Alternative billing and the need for better analysis

In their article on Alternative Billing and the Best of ABA TECHSHOW Jim Calloway and Natalie Kelly discuss the nature of alternative billing, which “could be said to be simply a shift in the way firms use ‘time’ as the commodity and to more of the ‘value’ or the ‘legal service product’ as the commodity.” Calloway and Kelly also point out the necessary considerations to make for firms considering alternative billing arrangements and the need for thorough analysis from a firm perspective, but “Equally important is the need for firms to analyze and anticipate whether or not alternative fee arrangements are even wanted, and whether or not they will likely be accepted by clients.”

As we have discussed in our previous blog post ‘Difficulty to estimate time’ here on Legal Innovation Blog, the difficulty to estimate time have real impacts when it comes to new fee arrangements. As Mary Abraham states “When lawyers work in a world that rewards according to time spent, it becomes imperative that we understand better exactly how much time an activity times.” “… consider that as we shift to alternative billing arrangements, bad estimates come out of the lawyer’s pocket rather than the client’s pocket.”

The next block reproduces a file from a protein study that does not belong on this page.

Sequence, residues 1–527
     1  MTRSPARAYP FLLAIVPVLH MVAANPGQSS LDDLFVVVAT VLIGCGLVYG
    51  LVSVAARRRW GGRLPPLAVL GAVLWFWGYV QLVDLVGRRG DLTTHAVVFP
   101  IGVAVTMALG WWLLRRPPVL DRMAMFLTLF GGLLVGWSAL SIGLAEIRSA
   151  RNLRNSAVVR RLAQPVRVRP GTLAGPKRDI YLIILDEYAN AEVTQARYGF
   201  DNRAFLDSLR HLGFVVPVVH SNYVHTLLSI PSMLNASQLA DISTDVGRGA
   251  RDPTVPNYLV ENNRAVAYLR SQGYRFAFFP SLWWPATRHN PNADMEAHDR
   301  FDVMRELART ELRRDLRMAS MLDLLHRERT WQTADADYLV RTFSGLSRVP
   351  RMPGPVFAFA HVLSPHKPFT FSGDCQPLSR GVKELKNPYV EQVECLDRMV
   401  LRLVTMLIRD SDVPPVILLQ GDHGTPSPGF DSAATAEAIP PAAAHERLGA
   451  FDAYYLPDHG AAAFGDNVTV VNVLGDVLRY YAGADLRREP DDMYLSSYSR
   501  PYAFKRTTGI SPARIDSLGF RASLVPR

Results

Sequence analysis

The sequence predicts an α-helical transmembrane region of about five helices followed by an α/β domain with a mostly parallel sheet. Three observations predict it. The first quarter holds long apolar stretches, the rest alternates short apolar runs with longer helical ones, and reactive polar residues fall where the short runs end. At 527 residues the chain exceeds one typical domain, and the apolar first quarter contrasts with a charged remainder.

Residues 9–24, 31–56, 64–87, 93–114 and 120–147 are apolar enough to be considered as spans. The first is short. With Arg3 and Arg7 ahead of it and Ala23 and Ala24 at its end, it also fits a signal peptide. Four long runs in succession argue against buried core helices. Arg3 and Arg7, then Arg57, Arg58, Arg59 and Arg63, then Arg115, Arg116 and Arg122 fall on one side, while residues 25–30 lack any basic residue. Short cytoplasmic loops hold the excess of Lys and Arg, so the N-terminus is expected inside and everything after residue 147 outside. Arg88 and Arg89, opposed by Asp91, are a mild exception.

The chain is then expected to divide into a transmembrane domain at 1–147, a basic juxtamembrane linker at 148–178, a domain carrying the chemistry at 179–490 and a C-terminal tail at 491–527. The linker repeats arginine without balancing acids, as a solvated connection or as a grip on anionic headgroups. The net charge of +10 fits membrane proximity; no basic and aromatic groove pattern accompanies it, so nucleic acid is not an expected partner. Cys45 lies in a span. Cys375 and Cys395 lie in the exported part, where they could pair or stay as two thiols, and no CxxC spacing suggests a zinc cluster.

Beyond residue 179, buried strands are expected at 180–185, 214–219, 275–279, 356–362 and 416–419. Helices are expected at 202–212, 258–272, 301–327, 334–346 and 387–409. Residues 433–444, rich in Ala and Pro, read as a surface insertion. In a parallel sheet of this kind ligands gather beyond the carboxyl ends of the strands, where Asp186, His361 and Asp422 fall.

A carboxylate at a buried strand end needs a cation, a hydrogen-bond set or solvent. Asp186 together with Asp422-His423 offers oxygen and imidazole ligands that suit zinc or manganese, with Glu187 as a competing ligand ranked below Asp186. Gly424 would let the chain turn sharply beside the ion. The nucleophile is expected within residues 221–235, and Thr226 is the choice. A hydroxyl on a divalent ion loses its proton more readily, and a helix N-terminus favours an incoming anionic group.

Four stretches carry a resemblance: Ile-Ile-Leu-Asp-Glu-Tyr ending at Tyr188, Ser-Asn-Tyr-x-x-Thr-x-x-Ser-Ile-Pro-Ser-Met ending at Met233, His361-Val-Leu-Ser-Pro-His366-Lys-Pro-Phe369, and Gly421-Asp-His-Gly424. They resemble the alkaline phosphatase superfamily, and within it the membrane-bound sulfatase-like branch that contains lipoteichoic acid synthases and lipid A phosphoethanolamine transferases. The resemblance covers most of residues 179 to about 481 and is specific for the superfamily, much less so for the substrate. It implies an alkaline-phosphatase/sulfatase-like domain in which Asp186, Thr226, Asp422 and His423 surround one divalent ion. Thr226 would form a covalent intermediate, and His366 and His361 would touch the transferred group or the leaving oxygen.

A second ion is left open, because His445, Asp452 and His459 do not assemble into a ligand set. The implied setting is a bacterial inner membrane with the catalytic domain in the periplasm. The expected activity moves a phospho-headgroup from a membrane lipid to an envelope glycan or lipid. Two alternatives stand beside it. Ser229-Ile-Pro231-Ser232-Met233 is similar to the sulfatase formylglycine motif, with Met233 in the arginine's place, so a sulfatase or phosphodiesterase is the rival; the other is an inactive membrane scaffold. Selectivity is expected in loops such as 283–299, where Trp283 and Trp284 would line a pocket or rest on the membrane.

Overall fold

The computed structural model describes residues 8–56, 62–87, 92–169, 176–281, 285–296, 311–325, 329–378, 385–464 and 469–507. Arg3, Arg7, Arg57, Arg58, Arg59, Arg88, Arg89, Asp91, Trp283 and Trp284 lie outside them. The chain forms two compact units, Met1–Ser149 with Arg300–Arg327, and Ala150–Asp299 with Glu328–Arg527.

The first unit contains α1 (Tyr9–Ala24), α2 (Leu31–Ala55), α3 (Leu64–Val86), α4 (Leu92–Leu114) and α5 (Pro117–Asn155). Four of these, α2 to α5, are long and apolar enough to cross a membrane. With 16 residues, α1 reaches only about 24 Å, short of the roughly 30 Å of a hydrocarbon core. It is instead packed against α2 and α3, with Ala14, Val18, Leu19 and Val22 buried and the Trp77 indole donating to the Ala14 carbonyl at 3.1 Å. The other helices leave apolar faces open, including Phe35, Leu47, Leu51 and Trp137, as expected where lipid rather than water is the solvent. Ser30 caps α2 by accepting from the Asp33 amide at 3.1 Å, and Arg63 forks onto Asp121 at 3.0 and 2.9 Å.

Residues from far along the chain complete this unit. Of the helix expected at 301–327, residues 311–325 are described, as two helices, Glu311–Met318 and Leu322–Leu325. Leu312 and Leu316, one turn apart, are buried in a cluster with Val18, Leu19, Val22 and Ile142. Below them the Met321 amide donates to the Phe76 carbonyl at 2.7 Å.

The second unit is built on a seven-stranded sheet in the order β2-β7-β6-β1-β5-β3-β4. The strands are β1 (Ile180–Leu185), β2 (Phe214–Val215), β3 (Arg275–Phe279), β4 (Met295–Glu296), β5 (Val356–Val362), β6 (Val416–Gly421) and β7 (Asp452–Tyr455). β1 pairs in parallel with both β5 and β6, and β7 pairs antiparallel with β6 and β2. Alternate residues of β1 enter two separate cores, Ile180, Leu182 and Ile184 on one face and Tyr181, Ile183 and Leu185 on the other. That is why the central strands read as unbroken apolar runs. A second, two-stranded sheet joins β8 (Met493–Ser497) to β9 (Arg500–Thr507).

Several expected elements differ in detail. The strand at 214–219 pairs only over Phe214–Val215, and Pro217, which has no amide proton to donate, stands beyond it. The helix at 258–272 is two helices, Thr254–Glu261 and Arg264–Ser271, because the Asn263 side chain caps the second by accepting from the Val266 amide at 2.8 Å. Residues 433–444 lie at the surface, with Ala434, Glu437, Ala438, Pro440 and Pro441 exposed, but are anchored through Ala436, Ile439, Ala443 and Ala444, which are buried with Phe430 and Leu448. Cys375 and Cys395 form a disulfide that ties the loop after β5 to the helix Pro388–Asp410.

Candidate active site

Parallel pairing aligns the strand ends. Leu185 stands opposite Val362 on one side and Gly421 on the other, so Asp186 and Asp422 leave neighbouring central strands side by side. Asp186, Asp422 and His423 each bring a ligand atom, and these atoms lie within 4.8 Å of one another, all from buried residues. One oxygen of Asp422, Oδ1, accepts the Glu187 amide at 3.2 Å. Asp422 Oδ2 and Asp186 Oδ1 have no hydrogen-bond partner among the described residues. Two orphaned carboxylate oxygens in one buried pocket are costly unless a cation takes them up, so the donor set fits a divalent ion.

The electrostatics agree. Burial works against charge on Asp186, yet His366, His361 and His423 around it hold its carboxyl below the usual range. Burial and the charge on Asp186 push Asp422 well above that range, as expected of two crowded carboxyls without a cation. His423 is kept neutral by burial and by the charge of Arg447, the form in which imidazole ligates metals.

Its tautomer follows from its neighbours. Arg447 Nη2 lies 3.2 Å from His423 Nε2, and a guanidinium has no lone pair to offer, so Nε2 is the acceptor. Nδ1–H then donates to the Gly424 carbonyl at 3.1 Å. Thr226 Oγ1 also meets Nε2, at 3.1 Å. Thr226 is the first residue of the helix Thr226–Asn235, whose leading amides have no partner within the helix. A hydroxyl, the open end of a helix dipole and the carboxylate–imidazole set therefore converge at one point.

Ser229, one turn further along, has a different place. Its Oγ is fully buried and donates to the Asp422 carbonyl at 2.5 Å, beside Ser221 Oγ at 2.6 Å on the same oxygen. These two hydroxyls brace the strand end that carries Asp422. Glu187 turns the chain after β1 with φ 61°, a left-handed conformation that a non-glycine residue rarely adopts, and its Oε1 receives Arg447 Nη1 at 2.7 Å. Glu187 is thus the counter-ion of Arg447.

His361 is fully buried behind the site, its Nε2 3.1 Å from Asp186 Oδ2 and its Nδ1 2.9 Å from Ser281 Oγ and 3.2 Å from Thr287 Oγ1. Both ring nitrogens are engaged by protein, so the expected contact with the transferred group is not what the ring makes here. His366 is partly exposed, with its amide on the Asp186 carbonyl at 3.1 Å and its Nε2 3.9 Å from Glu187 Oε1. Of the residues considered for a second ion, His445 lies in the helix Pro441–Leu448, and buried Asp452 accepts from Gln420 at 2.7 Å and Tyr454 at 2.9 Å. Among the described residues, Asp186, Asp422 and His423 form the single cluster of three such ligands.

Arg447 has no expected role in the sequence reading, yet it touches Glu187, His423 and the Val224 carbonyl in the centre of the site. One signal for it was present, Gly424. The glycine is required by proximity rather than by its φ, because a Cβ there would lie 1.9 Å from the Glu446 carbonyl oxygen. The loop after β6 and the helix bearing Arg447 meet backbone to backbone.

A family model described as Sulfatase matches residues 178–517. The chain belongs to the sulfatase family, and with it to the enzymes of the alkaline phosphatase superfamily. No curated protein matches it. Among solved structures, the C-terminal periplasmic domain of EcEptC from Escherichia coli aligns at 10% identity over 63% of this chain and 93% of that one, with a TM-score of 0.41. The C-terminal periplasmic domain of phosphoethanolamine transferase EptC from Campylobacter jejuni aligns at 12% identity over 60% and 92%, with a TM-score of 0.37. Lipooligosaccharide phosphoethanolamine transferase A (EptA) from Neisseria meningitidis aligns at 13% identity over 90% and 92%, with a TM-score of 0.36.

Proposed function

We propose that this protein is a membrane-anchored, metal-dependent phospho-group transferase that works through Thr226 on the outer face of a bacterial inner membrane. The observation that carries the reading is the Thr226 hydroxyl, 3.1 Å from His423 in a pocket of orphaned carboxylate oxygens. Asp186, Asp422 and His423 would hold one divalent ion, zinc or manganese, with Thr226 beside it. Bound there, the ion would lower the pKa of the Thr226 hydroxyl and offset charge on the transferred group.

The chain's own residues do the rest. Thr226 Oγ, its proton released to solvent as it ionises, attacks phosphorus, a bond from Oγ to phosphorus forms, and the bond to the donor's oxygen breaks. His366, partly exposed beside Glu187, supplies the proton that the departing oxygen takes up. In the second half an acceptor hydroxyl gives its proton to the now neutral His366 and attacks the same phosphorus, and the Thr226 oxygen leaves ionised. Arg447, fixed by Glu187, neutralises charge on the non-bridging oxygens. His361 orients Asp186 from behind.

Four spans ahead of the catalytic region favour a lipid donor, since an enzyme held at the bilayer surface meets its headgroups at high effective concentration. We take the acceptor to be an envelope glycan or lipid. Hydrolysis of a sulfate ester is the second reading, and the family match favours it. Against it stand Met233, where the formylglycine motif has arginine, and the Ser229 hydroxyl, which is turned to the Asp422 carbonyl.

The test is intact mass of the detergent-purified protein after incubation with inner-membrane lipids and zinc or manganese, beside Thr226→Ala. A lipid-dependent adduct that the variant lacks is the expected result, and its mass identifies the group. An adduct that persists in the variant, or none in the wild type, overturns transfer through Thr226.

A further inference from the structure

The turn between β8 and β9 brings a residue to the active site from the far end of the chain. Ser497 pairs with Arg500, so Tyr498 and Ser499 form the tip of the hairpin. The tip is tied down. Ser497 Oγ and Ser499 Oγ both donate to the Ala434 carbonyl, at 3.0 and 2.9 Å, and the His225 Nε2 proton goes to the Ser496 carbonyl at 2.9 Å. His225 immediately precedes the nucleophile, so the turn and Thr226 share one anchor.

This difficulty is also mentioned in the article by Calloway and Kelly above, where they give a general review of the tools as would be encountered during a generic alternative billing arrangement and billing cycle, from the pre-analysis to the post-billing analysis.  “Information gathered after the bills have gone out can play an extremely important role in alternative billing arrangements. Accepting the premise that firms must continue to track time, or at least keep a log of work that is being performed, firms can analyze both profitability and productivity in ways to help the firm determine whether alternative billing arrangements will be feasible. This information may lead a firm to understand that it is more profitable and productive for the firm to use alternative billing arrangements. It may also lead the firm to see that the value of work performed actually has a ‘price’, and that this ‘price’ may be appropriately applied and used either all of the time or in specific instances in billing for delivery of legal services.”